I have been following Neon and her work for going on a decade now. She may seem on the surface to be just a glamorous New York City bellydancer, but in fact she’s an innovative dance pedagogue, always experimenting with new ways to teach dance through video.
I say this because it’s easy to overlook her double DVD, Sensual Goddess – Belly Dance for Total Beginners (which I received a review copy of). It’s marketed as a beginner DVD, which might make it seem like it’s going to be a list of moves. But it’s really quite a bit more than that.
The concepts behind Sensual Goddess: that you can teach a beautiful, manageable choreography to beginners by incorporating a lot of striking poses, and that dance moves are best taught in the context of real dance. In a way, it’s the utter opposite of Neon’s Instant Bellydancer! DVD set, which taught moves separately and mechanically. Those are DVDs I love and return to, by the way, but I think she’s right that dance moves mean more in the context of, well, dance.
So what is in the DVDs?
The first DVD is made up of lessons. After a brief welcome by Neon, you can work your way through eight lessons. Each one begins with instruction: Neon slowly and carefully teaches the moves in that particular section, and includes some quite effective drills. Her teaching really is aimed at beginners: she breaks down the moves to their components, or teaches a basic or slow version of a move first, then building up complexity and speed.
After each lesson there’s a “combination & choreography” section. First you have Neon and her backup dancers, Angelys and Jenna Rey, demonstrating a slightly longer combination. You get to practice this several times. Then the dancers appear in a different, glitzier costume, and they do the choreography version of the combo — this is usually very similar, but at full speed, and with minor changes for transitions.
This is very smart dance teaching here. You are learning moves, but then practicing them in all sorts of ways. The practice and the choreography segments are set to different music (the moves really only go with the choreo music), so you get the feeling of doing them to different tunes.
The best part is that Neon maintains a running commentary throughout the practice and choreography segments, and even though the combos repeat, her advice does not. She’ll remind you to maintain your posture or abdominal tension, she’ll tell you how to move your arms more fluidly, she’ll tell you which way to look for a certain effect. She notes where making eye contact with the audience works or doesn’t, and she describes her own little stylizations. Basically, it’s like having a live teacher who is guiding you to perform the moves more beautifully as you practice.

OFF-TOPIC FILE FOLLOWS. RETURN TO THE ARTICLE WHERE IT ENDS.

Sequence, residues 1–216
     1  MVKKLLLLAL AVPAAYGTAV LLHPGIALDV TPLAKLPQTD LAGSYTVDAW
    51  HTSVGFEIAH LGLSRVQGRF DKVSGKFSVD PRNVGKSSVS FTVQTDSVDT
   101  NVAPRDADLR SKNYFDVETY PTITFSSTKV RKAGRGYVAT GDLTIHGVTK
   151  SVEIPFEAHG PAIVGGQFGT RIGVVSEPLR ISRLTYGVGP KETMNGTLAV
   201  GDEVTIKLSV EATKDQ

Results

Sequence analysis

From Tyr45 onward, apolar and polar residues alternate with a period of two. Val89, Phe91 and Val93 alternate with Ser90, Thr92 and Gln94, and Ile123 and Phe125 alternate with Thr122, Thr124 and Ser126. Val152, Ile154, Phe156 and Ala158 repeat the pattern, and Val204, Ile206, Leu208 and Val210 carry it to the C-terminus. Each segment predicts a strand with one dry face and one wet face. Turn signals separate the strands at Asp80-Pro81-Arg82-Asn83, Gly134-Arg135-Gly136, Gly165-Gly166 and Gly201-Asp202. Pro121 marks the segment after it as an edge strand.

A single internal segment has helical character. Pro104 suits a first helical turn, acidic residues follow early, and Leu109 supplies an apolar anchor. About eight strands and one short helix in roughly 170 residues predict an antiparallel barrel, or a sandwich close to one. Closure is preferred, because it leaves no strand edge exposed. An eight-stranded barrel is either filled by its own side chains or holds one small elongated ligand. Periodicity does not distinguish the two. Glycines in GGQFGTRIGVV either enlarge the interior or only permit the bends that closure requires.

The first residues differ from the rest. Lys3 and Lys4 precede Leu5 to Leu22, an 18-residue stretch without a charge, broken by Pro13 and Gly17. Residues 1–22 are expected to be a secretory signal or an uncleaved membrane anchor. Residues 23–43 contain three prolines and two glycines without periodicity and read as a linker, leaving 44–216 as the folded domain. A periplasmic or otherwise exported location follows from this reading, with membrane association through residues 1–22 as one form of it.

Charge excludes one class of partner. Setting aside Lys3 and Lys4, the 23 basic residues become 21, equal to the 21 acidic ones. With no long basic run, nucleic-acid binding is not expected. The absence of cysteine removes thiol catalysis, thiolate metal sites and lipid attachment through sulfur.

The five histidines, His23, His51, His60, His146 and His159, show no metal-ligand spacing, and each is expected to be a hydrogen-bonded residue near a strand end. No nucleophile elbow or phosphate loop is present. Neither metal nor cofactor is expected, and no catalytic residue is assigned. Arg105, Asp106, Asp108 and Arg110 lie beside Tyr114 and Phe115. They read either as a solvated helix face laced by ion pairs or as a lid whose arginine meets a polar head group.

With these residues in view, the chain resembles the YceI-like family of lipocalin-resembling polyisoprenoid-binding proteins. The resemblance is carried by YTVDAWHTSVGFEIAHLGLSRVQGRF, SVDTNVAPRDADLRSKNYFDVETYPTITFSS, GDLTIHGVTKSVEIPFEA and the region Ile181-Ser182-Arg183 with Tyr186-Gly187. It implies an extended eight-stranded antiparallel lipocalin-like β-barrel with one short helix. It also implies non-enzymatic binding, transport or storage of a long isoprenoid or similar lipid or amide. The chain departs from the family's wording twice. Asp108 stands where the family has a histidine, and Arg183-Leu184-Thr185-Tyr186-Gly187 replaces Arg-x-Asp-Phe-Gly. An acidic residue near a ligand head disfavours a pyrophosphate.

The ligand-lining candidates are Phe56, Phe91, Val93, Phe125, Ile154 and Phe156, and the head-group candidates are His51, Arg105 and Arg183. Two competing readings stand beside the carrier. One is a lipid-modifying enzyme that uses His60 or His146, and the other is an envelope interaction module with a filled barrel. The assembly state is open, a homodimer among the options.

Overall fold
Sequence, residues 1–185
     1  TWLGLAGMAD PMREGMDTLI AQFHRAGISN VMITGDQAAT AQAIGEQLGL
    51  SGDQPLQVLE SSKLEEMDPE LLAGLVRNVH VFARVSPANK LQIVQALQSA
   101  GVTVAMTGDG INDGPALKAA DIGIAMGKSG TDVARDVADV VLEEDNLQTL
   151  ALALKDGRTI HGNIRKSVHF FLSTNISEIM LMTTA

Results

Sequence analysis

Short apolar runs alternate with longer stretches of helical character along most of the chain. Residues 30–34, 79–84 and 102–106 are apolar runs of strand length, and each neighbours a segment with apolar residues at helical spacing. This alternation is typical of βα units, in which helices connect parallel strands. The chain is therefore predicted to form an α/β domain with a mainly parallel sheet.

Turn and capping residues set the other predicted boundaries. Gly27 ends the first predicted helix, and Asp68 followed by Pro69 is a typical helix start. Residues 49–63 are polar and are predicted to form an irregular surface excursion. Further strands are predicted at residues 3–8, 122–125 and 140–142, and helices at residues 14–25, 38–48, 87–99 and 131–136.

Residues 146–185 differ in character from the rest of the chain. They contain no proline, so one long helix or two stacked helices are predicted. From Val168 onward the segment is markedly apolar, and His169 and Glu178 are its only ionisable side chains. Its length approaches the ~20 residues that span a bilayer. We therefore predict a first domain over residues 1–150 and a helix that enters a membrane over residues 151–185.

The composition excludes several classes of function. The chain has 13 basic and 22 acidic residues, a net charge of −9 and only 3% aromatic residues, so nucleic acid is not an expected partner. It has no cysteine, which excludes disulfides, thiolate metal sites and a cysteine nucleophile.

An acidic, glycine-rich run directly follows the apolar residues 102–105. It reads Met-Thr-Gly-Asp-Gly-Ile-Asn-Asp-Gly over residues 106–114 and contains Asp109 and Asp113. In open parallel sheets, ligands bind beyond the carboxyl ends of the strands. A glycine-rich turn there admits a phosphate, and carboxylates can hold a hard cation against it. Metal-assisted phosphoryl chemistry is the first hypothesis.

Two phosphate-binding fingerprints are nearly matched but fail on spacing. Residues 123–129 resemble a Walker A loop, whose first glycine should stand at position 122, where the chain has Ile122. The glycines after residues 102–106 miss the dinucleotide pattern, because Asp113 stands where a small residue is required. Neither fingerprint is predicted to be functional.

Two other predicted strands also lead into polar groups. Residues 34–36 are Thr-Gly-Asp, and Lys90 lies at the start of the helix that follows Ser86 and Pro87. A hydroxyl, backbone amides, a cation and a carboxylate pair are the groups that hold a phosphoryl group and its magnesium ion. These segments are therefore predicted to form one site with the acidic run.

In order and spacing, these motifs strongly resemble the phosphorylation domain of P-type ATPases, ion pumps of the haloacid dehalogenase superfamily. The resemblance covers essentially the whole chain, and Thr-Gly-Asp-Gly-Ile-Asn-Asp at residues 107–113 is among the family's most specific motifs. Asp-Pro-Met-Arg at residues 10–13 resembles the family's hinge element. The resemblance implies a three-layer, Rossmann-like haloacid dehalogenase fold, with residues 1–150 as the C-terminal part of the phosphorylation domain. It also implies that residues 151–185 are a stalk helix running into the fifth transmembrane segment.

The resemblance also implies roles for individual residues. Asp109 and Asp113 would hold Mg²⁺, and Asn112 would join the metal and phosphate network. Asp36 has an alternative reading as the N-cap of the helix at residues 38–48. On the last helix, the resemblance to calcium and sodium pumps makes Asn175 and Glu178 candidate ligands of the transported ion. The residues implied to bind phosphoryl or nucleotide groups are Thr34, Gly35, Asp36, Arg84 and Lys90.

Sensual Goddess covers an admirable amount of basic territory: hip work, figure eights, two kinds of turns, arabesques, undulations. But without a doubt, it is arm heavy. There are many beautiful arm patterns here, most of which I hadn’t seen anywhere else. Neon draws on poses a lot for both dramatic effect and in order to make the choreo accessible. And let me tell you — it winds up being a workout for the arms!
Is this really a beginner DVD? I think yes, with qualification. A gifted beginner — perhaps with other dance experience — could learn a lot from it and have a lot of fun with it. A student who is just learning to control their movements would do better with a much slower program.
I’m not a beginner anymore, but I enjoyed working with Sensual Goddess anyway. I’ve been practicing in the mornings lately, and I did one or two “lessons” a day for a while. These were about 17-20 minutes each, so I either combined them with yoga or some other cardio, or with each other. It was great, light workout — and the drills really made me sweat sometimes.
The second DVD is what you use after you’ve gone through all the lessons. It lets you do the practice segments together, in a long practice session, or the choreography segments as a full choreo — or both. In both cases, you have the option of having Neon’s running commentary or just dancing to the music.
I found that using the practice flow was a totally different experience. It was a nicely contained 50-minute workout that allowed me to get moving but also to pay attention to the movements, to focus on execution and nuance. Even doing the choreography with and without the commentary made a difference, as I could either focus on what Neon told me or on dancing to the music. In other words, the practice DVD is where I started making the movements my own.
Is Sensual Goddess for you? If you are a beginner who wants to start learning transitions and how to put it all together, it will be perfect. It’s also a great, “lighter” component to integrate into a dance practice — you have some drills, you get the arms involved, and the lessons are manageable length. The practice DVD is a great standalone workout — it won’t leave you breathless, but you’ll sweat a little if you do the moves carefully and with intention.
Many of the combos and especially the arm moves taught are very much in Neon’s style. Some I loved and I found myself incorporating into my improv and just practicing on their own. Some were not to my taste. If you like Neon’s dancing, Sensual Goddess is definitely for you, as she gives lots of stylization tips. But I think even if you don’t want to dance like Neon, there will be some things you can take away from the video. She will definitely teach you how to be more aware of the emotional content of your dancing, and how to maintain gracefulness and form.
Sensual Goddess is a great practice companion and a superb beginner/advanced beginner class. I don’t usually comment on the price of DVDs, but I’ll note that it’s three-and-a-half hours on two DVDs for less than the cost of one live class.
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